The Diary Of Anne Frank As Anti-U.S. Propaganda
North Korea is one of the most repressive regimes in the world today. In this piece from 2004, take a look at how this dictatorship even uses The Diary of Anne Frank to inflame hatred of The United States:
If you want to hear "hate" coming out of the mouths of school kids, go to the schools of North Korea, as a Dutch television crew did, and you'll hear hate from that country's teenagers directed at the United States.There is much more to read in the whole piece.
Western television reporters rarely get into North Korea, but remarkably they let a Dutch television crew in to see how they're using Holland's most famous book, “The Diary of Anne Frank.”
That diary, of her life in hiding during World War II, is now being studied in North Korea's schools. But Anne Frank's plea for peace and freedom got lost in translation.
North Korea is using her diary, not to teach how Anne suffered at the hands of the German Nazis, but to warn the students how they could suffer at the hands of those they call "American Nazis." Correspondent Mike Wallace reports.
”After reading this book, I had a hatred for the American imperialists,” says one student.
“That warmonger Bush is just as bad as Hitler. Because of him we will always live in fear of war,” says another student.
Anne's plea for peace is a curious message for these students, because North Korea is constantly preparing for war. Dictator Kim Jong Il spends the country's meager resources maintaining a powerful military. And it turns out that North Korea is using Anne's diary to tell students they must sacrifice for the military -- because war with America is inevitable.
“The Americans enjoy war. It excites them. It's part of their nature,” says one student.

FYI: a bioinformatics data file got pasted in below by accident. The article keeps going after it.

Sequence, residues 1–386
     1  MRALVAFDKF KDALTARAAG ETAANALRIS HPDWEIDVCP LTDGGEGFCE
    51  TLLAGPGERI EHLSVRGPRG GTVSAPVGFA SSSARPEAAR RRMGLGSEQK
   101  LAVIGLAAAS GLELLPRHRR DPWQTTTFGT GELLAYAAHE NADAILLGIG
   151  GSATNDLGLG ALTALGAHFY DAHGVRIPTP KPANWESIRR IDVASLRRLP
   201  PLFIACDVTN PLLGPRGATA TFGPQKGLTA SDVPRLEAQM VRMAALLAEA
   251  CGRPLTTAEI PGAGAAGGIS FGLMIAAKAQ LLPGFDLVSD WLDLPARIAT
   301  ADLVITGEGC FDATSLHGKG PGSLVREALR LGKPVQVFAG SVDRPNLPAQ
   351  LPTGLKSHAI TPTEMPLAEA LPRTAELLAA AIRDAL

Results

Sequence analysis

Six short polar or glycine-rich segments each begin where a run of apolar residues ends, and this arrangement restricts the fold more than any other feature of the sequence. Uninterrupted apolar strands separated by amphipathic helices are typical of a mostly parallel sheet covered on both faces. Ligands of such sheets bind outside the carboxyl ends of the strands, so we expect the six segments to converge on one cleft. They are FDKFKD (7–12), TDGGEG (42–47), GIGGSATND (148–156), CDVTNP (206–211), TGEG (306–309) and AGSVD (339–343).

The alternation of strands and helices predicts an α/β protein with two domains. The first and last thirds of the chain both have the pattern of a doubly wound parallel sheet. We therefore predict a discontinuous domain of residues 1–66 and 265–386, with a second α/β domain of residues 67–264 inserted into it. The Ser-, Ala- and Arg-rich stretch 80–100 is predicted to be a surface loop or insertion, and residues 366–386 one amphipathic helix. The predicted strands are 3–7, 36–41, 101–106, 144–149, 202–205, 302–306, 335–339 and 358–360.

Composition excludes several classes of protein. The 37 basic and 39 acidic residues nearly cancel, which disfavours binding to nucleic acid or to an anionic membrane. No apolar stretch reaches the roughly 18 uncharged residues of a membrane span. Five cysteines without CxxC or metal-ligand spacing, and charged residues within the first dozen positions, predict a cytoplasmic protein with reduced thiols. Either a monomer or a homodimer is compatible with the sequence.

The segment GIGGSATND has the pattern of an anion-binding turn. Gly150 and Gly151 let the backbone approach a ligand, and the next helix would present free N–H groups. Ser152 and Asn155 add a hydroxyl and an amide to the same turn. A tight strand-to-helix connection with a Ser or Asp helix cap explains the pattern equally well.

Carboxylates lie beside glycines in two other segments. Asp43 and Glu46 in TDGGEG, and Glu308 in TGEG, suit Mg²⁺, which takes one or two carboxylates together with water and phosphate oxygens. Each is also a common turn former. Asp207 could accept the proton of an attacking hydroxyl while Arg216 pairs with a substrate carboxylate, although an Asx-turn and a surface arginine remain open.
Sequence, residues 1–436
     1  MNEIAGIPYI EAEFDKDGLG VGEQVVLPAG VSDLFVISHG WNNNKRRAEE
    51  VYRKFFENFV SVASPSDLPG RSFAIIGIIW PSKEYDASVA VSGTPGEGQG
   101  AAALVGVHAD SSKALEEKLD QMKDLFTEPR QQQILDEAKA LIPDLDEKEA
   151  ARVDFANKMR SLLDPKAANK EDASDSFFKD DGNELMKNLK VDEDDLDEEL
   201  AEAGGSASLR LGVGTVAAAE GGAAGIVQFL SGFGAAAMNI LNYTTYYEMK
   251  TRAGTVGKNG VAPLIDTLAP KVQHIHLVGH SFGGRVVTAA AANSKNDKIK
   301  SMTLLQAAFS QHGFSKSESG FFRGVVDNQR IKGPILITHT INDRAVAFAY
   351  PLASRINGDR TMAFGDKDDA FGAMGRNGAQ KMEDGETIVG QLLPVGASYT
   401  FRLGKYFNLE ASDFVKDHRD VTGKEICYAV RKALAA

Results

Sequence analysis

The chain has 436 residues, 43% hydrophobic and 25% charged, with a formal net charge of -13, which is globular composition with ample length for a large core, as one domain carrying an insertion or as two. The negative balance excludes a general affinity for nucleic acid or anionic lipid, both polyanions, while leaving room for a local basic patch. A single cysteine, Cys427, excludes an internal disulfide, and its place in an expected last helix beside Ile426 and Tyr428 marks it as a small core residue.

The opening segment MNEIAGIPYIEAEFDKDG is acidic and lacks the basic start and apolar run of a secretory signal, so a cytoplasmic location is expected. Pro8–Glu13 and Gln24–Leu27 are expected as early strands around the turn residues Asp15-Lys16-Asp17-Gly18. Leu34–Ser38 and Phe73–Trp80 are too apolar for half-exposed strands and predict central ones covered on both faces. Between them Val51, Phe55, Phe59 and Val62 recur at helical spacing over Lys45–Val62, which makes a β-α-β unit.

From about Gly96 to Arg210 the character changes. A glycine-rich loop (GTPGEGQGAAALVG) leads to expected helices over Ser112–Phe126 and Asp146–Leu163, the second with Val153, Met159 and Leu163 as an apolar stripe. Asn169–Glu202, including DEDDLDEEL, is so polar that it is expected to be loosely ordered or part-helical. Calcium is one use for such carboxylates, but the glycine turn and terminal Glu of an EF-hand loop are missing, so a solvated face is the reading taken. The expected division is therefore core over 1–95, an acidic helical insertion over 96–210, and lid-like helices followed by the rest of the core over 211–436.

Here, they teach that today's Nazis are the Americans – and that today's Hitler is George W. Bush. And, to hammer that home, whenever North Korean students refer to President Bush, or to other Americans, they're taught to call them “Nazis,” or “warmongers."
“As long as the warmonger Bush and the Nazi Americans live, who are worse than Hitler's fascists, world peace will be impossible to achieve,” says another student.
These students sympathize with Anne, but according to Bartelsman, they do not respect her.
“She didn't win. She was not a hero, and North Korea, they are learning, the children, we all want to be a hero, and we don't want to be killed,” says Bartelsman.
‘We know that Nazi America is certain to start a war with us, but we will win that war,” says one student.
“Our students will fight with a pen in one hand and a weapon in the other until the last American is dead,” adds another student.
These youngsters parrot the words of North Korea's deputy minister of education, who uses Anne's diary to teach students that North Korea's top priority is to build a stronger military to defeat the Americans.
And to make sure the students give that same answer, Dutch television caught one teacher whispering to her students, telling them just what to say to the Dutch reporter.
Teacher: Say that we don't want war, but that that is impossible as long as our enemy lives. So for us war is inevitable. We are not going to beg for peace. Instead, we must crush our enemy without mercy.
Student: You should not beg for peace. As long as the imperialists live, there will be no end to war.
Another student read from the diary: “Why is there hunger when food rots away elsewhere? Why are people so crazy?”
When Bartelsman asked students if they could answer Anne's question, again their teacher told them just what to say: “Why isn't food distributed everywhere? Because the imperialist bourgeoisie take it -- that's why there is nothing left for the proletariat. Just say that.”
The student’s response: “Food is taken by the imperialist bourgeoisie, which is why there is nothing left for the proletariat.”
“The most shocking thing is their comparison for President Bush with Hitler. that is absolutely disgusting,” says Anne’s cousin, Buddy Elias, who was her playmate and her last living direct relative.
Elias was the one who approved giving North Korea the rights to publish her diary, for a symbolic payment of less than $2,000.
“We were not told that it would be misused in schools. That, we had no idea,” says Elias, who considers today’s Hitler to be Kim Jong-Il, North Korea’s supreme leader. Kim insists that whenever anyone mentions his name, they must first call him respected or beloved.
Alarmingly, North Korea continues to develop nuclear weapons as well as the missle technology to deliver them.